Better than the sum of its parts
The latest screen pairing of Daniel Padilla and Kathryn Bernardo, “She’s Dating The Gangster,” is weighed down by a shrill and too-eager-to-please beginning, but grows on you as it slowly finds its footing. The story that plays out onscreen is far from seamless, but the movie’s inspired sections make it greater than the sum of its disjointed parts.
This time around, the teen tandem doesn’t just parlay its potent chemistry into box-office gold, it makes wise use of Daniel and Kathryn’s growing confidence as actors—thanks to director Cathy Garcia-Molina, who coaxes credible characterizations that require them to move farther away from their comfort zones.
As Athena Dizon, Bernardo juggles a high-wire act that finds her “promdi” character acquiescing to the pig-headed whims of tough guy Kenji delos Reyes (Padilla), who “forces” Athena to pretend to be his girlfriend—to make his ex-flame, Abigail, jealous!
But, all it does is bring Kenji and Athena closer together and make them realize that their fabricated romance is more real than imagined! The situation gets dicier when they get wind of Abigail’s illness, which constrains them to ignore their feelings for each other and make—
the ultimate sacrifice!
Twenty years later, the star-crossed couple’s shared past is revisited by Kenji’s rebellious son, Kenneth (also played by Padilla), and Athena’s well-meaning niece, Kelay (Bernardo), who intends to bring much-needed closure to the unfinished love story of their elders (now portrayed by Richard Gomez and Dawn Zulueta).
The gorgeously photographed, three-hanky drama has a trickier role as Athena for lovely Kathryn to essay. So, she works hard to “sell” it and, for the most part, succeeds. She is a joy to watch in her precious dramatic moments, and has become more discerning with her acting choices.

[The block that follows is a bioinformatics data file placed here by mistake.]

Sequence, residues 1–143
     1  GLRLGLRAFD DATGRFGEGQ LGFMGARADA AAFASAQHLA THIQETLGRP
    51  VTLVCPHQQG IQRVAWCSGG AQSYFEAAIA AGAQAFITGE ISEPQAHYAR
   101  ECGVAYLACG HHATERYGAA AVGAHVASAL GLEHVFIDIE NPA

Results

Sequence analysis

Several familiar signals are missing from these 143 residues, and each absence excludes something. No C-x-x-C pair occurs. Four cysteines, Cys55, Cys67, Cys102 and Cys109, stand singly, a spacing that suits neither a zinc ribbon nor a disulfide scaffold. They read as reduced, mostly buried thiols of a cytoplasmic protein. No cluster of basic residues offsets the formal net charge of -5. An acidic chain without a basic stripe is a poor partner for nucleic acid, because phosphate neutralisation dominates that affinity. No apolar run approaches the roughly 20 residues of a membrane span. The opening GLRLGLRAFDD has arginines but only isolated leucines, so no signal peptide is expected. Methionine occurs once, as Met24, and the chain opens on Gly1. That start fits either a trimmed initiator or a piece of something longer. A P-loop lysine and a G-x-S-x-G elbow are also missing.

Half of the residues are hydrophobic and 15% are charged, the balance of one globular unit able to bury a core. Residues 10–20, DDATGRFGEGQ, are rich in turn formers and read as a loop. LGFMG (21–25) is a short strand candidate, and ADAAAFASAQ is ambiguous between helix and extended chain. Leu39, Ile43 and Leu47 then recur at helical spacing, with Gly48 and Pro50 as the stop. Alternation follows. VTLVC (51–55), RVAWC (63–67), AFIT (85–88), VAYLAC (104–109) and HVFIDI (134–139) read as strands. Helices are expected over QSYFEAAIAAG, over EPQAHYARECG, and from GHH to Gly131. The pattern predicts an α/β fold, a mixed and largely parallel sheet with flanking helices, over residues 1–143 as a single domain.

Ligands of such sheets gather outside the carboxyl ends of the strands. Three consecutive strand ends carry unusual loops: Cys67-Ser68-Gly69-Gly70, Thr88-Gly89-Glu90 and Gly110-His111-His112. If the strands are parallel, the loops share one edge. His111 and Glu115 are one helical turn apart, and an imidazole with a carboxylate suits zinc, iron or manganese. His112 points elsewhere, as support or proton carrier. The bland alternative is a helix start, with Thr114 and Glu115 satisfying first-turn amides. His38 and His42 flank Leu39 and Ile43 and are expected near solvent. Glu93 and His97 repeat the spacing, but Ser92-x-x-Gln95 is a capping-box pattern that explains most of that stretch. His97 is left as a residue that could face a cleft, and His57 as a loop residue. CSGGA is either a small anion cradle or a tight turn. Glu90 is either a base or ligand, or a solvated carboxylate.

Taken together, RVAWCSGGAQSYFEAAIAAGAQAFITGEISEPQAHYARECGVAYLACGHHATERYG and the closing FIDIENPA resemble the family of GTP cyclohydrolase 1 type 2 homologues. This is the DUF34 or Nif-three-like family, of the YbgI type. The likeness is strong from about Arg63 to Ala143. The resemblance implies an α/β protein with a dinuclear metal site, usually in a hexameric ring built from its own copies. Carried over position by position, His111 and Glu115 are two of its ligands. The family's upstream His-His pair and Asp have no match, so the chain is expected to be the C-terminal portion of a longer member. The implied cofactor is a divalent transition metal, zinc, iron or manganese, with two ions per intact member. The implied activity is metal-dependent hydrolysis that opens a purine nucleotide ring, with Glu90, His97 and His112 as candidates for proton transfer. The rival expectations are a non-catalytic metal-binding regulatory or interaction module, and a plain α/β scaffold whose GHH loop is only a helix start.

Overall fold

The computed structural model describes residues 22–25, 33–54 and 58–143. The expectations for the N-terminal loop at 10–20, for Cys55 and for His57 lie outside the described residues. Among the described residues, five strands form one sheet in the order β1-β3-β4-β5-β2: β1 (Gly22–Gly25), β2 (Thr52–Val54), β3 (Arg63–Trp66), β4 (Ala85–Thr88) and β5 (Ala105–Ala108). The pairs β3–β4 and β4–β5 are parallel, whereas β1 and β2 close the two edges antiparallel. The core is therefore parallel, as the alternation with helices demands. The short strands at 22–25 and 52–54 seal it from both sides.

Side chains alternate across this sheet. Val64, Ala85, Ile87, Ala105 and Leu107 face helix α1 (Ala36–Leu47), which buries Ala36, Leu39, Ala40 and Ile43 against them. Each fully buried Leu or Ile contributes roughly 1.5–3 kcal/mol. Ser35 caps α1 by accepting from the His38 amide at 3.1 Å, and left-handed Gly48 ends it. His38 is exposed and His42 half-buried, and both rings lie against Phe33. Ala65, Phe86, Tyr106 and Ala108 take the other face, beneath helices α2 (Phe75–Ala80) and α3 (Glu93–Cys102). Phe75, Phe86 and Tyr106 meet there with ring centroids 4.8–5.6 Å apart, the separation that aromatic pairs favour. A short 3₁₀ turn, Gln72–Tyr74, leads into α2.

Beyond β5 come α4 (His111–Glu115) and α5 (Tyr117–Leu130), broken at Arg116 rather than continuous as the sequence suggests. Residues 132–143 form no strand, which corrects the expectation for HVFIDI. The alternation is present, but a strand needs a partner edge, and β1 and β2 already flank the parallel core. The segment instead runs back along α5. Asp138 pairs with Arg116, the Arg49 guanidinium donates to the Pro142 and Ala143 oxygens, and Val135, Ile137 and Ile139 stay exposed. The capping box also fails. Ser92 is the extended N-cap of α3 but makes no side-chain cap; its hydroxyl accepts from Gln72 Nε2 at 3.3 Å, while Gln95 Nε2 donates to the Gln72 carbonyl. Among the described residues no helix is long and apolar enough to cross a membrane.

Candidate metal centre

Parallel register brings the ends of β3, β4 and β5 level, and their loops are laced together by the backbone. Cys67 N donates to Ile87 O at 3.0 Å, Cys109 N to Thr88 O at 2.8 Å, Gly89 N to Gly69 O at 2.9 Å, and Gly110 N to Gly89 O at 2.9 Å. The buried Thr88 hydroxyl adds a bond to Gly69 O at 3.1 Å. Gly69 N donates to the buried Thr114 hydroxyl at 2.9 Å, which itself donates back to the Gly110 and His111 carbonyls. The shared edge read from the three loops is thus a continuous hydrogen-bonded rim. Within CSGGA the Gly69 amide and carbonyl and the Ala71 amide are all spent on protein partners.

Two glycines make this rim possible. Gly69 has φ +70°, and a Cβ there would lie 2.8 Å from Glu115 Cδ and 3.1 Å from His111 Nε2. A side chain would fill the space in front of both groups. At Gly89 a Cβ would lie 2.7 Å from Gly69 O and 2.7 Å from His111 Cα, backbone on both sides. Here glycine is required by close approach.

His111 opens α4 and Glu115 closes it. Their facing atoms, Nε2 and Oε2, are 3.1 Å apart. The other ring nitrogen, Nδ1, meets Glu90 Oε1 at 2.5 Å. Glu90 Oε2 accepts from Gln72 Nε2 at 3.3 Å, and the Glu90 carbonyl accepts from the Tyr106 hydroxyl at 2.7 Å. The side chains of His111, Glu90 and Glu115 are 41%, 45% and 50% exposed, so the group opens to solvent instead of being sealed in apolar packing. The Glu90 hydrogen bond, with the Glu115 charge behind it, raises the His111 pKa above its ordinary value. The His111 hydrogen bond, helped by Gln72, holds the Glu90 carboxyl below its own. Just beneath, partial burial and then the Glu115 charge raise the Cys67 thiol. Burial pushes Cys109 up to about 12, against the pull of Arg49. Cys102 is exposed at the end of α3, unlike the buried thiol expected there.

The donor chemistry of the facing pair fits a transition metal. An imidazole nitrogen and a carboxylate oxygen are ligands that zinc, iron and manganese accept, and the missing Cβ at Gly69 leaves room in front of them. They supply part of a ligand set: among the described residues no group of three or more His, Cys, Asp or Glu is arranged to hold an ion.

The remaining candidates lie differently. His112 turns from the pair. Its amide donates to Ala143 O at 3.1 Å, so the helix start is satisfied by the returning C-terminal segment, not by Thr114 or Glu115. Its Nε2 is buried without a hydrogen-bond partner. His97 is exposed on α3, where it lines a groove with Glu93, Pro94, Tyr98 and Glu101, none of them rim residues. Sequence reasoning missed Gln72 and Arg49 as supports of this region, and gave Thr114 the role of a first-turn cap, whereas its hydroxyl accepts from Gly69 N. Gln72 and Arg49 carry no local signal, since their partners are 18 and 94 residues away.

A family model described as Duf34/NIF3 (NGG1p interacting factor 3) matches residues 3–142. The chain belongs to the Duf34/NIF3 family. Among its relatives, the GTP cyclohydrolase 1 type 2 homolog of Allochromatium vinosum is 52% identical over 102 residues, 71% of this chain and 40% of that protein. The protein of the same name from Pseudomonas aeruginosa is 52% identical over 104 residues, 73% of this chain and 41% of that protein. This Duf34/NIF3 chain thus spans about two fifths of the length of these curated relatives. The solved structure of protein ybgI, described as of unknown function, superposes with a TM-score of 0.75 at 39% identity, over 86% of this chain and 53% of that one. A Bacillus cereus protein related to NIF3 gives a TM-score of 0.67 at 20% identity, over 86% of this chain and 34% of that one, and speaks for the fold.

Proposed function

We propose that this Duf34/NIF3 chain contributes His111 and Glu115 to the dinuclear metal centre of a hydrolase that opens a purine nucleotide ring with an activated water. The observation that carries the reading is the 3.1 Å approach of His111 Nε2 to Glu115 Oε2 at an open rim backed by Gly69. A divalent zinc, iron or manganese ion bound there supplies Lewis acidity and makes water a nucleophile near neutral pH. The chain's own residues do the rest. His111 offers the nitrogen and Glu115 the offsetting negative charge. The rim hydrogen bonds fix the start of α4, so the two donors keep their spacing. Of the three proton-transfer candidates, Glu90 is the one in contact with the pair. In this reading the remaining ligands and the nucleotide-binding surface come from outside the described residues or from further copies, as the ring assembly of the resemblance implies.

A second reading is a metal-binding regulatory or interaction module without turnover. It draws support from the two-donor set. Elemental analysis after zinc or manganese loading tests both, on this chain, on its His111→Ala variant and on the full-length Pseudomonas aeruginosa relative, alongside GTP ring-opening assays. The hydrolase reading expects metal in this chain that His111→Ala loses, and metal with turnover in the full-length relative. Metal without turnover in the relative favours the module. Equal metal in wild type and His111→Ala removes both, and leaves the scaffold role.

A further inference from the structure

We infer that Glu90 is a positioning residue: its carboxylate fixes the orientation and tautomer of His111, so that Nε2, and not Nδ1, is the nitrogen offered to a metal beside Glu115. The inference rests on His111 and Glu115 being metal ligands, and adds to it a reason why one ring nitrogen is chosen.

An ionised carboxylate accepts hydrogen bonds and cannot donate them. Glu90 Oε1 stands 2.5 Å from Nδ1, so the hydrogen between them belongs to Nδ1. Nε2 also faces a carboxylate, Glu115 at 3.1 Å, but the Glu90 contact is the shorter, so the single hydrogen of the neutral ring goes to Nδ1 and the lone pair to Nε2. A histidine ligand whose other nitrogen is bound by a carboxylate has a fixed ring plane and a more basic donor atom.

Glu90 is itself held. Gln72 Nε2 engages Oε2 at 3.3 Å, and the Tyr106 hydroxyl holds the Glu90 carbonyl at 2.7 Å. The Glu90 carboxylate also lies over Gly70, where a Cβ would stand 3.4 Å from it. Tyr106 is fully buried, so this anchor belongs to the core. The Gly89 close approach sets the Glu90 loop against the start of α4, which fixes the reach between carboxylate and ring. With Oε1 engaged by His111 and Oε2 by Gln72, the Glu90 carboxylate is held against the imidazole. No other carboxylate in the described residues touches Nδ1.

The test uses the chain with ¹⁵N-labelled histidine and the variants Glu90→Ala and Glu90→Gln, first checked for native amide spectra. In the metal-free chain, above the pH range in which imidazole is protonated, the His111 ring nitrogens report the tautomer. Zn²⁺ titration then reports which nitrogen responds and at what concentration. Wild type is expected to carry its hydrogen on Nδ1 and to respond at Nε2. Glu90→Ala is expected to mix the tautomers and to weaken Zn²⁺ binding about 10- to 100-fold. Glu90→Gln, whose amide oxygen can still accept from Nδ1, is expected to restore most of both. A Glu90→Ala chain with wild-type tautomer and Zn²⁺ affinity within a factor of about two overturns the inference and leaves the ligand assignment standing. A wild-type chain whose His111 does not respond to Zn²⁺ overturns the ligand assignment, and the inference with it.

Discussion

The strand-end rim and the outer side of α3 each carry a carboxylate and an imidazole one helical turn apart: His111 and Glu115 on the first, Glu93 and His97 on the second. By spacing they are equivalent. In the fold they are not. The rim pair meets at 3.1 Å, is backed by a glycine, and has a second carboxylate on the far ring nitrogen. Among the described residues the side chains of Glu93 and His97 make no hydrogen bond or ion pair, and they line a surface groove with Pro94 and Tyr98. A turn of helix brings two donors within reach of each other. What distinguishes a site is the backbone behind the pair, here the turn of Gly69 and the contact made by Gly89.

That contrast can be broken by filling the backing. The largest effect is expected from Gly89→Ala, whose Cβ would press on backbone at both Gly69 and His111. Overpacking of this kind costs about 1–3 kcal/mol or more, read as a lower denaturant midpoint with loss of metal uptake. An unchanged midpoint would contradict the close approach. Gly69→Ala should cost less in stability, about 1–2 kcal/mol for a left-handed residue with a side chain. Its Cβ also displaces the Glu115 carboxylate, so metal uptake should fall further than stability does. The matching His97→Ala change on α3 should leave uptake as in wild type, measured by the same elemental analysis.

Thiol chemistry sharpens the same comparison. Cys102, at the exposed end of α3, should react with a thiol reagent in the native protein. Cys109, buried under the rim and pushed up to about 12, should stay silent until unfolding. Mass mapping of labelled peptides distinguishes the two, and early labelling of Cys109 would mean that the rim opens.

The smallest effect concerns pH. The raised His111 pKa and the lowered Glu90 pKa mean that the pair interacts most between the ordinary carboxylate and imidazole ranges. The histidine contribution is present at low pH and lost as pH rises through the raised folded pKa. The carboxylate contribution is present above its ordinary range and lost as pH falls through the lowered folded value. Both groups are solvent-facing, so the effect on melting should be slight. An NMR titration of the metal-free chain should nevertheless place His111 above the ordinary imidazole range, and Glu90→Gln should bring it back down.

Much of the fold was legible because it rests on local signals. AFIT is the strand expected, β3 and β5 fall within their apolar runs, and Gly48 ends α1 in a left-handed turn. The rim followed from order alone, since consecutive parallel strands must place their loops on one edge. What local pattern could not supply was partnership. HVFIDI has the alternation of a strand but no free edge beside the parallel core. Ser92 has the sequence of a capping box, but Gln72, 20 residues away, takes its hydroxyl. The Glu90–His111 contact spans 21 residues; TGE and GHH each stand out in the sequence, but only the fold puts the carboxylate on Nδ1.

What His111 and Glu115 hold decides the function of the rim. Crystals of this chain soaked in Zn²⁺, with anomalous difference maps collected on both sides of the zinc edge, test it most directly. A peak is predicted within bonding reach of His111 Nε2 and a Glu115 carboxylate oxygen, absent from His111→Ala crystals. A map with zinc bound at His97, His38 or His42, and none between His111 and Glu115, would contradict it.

Unfortunately, Kathryn’s strong showing is compromised as Kelay—whose feistiness occasionally goes off-kilter. But, that isn’t entirely her fault, because this character is underwritten, “undercooked”—and merely serves to move the cluttered exposition along.
Padilla isn’t as consistent, but the characters he plays have clearer dramatic arcs that give him enough elbow room to show off his emerging sensitivity. As his stirring moments of catharsis suggest, there’s more to this matinee idol than his smug and handsome mug.
Tricks and antics
The movie hews too close to the narrative tricks and antics of “Diary ng Panget”—plus, we don’t remember the kids of the ’90s to be as tackily dressed (nor as “overly enthusiastic”) as they are here. There are overwrought moments that run longer than they should—but, that’s par for the course in romantic tearjerkers like this.
Kathryn and Daniel aren’t the only actors who come off well in their scenes. The production’s supporting players manage to shine on their own, despite limited screen time—most notably, the sublime Rio Locsin (who is award-worthy as Abigail’s distraught mother), the dashing Ian Veneracion and the breathtaking Zulueta.
When these screen veterans seize the spotlight, you understand why they deserve to be emulated by the hot, young actors they support!
Subscribe to INQUIRER PLUS to get access to The Philippine Daily Inquirer & other 70+ titles, share up to 5 gadgets, listen to the news, download as early as 4am & share articles on social media. Call 896 6000.